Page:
The Norwegian artist Tage Fredheim plays guitar and paints. Already in primary and secondary school he received recognition and won prizes for his drawings and water color works.
Advanced tuition he got from the Arts and Crafts College in Oslo where he was a visiting student for one year under Egil Weiglin. The year after he was formally admitted both to the Arts and Crafts School (SHKS) and the Art Academy, and after choosing the Art Academy partly because of generous financial grants, he was a master student for five years under the Professors Alf Jørgen Aas and Knut Rose.
Fredheim has several separate - and group exhibitions behind him, in addition to being
purchased by the Norwegian Theater, Ullevaal Hospital, Eidsvold district court, Royal Carribbean Cruise Lines and numerous private and corporate collections.
In this presentation of paintings we get to see his processing of two different art forms.
According to the artist this corresponds to a series of paintings he began in 2008, where he distances
from the figurative direction that prevailed in his art at this time.
His work on this site is therefore mainly a result of the purely painterly components in his
pictures. As he himself says: I wanted to detach myself from the given ways of finishing a painting.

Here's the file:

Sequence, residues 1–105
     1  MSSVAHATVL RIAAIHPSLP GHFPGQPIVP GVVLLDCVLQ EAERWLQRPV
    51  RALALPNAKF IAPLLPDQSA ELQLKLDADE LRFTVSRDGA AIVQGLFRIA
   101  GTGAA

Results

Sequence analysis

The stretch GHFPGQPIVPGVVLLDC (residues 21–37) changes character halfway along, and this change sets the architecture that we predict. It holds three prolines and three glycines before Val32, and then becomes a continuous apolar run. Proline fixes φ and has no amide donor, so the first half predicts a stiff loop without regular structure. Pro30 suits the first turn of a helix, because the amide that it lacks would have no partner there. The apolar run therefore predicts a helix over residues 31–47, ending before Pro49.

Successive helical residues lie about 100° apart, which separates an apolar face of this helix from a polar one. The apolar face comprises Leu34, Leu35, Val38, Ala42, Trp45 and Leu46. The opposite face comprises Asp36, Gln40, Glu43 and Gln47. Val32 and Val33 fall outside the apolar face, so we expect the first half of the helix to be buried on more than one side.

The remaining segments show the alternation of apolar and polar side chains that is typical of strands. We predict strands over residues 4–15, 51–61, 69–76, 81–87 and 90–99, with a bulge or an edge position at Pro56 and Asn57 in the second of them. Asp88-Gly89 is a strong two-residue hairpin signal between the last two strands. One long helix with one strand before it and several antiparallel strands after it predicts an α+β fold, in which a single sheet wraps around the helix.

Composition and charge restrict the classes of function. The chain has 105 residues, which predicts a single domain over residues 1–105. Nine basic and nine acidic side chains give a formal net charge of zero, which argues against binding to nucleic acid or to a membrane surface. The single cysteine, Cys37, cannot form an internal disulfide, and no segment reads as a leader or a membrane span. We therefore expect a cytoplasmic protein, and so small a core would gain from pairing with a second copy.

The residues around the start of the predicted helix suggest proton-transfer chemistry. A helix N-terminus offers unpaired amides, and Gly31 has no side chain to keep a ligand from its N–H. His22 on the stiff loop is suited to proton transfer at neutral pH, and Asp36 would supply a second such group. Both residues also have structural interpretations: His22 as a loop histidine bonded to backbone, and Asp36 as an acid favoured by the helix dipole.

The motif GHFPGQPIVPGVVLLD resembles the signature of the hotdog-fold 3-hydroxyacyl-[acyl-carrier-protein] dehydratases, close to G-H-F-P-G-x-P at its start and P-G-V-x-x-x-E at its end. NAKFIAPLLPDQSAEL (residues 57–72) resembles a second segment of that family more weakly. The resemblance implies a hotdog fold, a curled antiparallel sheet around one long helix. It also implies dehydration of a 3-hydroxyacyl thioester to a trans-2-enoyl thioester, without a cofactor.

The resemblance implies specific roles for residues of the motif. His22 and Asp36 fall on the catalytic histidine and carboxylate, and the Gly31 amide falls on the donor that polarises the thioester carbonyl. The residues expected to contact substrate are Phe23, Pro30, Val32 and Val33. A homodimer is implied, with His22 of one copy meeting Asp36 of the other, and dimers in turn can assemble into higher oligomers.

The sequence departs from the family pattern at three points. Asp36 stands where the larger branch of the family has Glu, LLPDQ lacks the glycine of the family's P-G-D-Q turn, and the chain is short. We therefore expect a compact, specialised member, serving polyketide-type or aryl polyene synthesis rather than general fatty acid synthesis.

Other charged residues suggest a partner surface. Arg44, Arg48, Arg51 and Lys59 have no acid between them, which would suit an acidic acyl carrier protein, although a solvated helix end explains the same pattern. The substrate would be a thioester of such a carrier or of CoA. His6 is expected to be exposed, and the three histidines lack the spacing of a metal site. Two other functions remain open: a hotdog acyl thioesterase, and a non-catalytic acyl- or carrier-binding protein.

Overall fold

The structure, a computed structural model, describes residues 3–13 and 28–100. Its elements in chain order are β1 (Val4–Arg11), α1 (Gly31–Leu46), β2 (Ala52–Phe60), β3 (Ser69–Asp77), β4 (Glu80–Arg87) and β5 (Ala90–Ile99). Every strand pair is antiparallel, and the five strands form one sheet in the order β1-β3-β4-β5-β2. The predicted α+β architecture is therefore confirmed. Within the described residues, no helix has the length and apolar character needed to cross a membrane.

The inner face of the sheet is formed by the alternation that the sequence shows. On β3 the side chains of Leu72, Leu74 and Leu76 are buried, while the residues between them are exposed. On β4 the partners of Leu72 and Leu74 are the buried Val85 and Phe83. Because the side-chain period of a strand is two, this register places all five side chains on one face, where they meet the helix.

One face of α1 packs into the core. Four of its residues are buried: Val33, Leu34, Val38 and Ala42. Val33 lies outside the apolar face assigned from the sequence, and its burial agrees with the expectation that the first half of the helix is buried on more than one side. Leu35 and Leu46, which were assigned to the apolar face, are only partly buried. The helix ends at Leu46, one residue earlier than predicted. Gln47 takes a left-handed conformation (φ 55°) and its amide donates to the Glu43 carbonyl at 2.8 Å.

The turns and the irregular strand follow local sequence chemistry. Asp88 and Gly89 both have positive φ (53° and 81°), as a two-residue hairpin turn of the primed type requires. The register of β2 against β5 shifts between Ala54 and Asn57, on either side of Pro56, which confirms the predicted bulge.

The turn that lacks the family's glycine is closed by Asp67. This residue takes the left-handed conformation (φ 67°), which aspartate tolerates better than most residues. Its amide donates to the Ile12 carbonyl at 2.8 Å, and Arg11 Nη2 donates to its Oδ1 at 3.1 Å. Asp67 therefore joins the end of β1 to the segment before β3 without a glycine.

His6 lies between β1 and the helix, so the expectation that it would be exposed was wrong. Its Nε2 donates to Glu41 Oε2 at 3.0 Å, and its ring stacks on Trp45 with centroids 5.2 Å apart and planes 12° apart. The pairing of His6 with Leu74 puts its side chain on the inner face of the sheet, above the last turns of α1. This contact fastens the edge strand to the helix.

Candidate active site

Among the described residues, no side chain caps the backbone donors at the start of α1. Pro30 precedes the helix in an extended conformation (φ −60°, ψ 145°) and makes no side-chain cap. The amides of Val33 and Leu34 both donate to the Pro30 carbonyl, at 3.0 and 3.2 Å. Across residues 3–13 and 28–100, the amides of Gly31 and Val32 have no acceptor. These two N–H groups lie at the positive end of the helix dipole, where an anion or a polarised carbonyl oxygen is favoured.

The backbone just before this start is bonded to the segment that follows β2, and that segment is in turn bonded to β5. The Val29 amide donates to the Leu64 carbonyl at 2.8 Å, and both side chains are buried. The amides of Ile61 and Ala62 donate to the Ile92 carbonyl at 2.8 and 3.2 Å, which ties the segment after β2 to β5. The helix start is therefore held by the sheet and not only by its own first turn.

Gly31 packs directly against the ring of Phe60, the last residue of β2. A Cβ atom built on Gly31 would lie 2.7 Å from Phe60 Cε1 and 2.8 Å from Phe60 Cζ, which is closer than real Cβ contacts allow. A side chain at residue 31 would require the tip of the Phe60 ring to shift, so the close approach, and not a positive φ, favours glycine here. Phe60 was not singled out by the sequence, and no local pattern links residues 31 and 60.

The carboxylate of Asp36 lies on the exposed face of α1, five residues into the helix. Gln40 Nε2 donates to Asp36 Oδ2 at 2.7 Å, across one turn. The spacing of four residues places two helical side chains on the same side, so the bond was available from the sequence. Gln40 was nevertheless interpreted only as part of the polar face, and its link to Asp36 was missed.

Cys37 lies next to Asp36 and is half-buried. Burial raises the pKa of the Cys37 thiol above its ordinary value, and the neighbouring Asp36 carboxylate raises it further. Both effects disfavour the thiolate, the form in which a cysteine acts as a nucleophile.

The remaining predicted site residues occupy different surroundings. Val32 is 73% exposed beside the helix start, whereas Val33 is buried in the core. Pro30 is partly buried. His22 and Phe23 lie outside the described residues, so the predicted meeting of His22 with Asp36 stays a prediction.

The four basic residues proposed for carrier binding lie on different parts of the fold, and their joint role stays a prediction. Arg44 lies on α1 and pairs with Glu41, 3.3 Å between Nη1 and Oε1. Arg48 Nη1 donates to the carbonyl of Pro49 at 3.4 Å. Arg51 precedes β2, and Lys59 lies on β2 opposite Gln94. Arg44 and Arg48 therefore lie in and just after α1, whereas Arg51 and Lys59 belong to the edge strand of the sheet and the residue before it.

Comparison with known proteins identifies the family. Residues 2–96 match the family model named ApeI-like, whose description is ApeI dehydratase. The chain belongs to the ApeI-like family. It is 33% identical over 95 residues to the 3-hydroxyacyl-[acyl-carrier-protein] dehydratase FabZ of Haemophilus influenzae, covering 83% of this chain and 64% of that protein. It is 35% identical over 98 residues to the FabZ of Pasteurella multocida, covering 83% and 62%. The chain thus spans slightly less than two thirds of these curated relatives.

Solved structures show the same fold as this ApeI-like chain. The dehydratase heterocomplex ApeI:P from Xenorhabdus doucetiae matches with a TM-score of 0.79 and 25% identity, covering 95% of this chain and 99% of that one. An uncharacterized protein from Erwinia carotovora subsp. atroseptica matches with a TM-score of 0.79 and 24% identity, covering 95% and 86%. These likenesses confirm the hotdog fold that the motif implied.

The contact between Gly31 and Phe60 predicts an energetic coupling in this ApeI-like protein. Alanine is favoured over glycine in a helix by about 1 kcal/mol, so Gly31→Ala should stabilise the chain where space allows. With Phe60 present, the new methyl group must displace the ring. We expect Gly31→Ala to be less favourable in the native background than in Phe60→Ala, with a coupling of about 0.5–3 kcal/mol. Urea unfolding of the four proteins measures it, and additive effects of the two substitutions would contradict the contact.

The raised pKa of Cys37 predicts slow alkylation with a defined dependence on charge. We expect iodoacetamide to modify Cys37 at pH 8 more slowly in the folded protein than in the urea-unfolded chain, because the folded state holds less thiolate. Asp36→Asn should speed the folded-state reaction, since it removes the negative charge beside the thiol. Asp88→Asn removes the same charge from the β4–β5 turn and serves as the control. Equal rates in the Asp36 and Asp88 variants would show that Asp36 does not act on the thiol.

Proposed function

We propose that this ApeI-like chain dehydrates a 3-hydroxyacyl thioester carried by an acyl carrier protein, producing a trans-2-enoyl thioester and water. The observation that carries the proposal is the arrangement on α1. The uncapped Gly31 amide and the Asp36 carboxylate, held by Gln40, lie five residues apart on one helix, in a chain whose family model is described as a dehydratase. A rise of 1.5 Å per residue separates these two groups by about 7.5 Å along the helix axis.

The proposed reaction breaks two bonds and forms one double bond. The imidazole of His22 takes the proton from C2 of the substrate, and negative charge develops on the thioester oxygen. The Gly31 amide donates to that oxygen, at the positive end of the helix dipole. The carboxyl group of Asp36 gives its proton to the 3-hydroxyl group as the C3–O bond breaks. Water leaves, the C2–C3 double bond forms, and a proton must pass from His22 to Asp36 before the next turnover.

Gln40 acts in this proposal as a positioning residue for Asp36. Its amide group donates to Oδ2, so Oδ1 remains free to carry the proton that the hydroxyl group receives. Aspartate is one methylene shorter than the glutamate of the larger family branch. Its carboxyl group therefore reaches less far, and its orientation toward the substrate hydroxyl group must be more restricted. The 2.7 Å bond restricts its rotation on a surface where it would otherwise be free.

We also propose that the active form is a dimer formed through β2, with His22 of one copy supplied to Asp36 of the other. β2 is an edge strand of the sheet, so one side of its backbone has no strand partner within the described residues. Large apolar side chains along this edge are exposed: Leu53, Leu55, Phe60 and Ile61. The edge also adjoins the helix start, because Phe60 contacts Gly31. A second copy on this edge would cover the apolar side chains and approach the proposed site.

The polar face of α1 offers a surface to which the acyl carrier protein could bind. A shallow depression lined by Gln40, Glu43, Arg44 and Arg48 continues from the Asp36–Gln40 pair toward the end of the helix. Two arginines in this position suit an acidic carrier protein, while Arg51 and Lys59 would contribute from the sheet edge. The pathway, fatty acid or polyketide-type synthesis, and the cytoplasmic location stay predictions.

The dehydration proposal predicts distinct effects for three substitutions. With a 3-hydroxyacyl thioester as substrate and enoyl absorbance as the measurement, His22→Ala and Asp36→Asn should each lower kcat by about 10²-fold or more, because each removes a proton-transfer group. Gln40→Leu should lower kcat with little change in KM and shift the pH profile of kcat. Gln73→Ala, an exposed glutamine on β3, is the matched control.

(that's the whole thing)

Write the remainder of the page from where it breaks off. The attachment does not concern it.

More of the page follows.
- I wanted to try an extended new approach. However, in some of the paintings Fredheim takes base
in certain abstract expressions as he was taught by Professor Knut Rose at the Academy. This happens as the painter works on a loose beginnings in abstract sketches he has created on the canvas. Instead to condense and concretize the abstract elements in the direction of a figurative motif, Fredheim allows purely painterly elements continue to dominate the process. This creates a slide into a new domain of painting and a
further progress toward a freer expression - he struggles to keep the images open to new directions
and meanings. This creates the space for a new kind of aesthetic that, according to himself,
are more distinctive and less conventional. The result ends with paintings that work by virtue of
itself, not on the basis of rigid conventions or external references.
The works can be viewed individually or in conjunction. Grouping images
side by side also creates an interesting interaction between the basic timbre of the individual works.
In some paintings Fredheim lays geometric structures or landscape features in bottom
before paint coats are applied, often in 20 to 30 transparent layers in a single image. In these
works there is a dynamic between the previous ideas and the wider movement
which acts as a structural model.
Distinct characteristics of the artist's paintings are texture and coloration - an end result of simple but thoughtful paint application
and structures suggested in the abstract motifs.
Text: Hilde Hernes, art historian